LEWISTON — With less federal block grant money available, councilors said they need to be careful how it gets spent.

Councilors reviewed a scoring system Tuesday that the members of a Community Development Block Grant Advisory Committee will use to allocate that money.

Councilors questioned that scoring system last spring when the committee used it to recommend cuts to the Sexual Assault Crisis Center and a Catholic Charities drug treatment program. Advisory committee members said Tuesday they’ve changed the criteria.

“I think the committee put in good amount of time to take council concerns and make some positive changes,” said Councilor Nate Libby, a member of the advisory committee.

The new scoring system gives more weight to programs that match the city’s Comprehensive Plan and to those that meet critical needs. It does away with a criteria used last year that asked if a program was considered high quality.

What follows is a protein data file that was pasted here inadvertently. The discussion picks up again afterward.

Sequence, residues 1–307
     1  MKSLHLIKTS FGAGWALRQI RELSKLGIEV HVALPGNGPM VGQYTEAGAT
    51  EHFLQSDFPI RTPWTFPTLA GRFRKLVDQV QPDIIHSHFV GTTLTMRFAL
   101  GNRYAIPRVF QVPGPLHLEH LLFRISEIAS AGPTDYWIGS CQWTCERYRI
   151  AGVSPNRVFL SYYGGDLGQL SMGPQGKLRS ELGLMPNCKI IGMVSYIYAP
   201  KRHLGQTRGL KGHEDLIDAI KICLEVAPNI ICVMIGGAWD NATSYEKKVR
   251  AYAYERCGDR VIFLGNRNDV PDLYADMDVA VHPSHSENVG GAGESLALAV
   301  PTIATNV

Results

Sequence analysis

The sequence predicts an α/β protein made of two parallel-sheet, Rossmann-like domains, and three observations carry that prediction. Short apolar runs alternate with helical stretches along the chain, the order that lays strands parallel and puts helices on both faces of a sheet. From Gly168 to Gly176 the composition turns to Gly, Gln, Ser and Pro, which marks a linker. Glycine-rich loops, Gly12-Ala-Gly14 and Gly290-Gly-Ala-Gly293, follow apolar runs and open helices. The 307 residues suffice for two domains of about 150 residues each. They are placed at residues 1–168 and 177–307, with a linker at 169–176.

“We found that really told us very little because every program can be considered high quality,” Libby said.


Block grants are federal money, allocated by the department of Housing and Urban Development to help the city’s poorest areas and residents. The money can be spent on capital projects, used to create housing loans and grants and given to agencies that help Lewiston residents.

Economic Development Director Lincoln Jeffers said the city does not know what it will get next year but assumes it will be reduced. Lewiston’s block grant budget for the 2012-13 fiscal year was $760,314 — $187,644 less than the previous year’s budget and $371,230 less than the budget two years ago.

“Over the last three years alone, we’ve seen a 32 percent cut in this program,” Jeffers said.

Jeffers said members of the committee will begin working on their recomendations in January.

“With the limited dollars, we may not be able to fund everything we have in the past,” Jeffers said. “Ultimately, it’s the council’s decision.”

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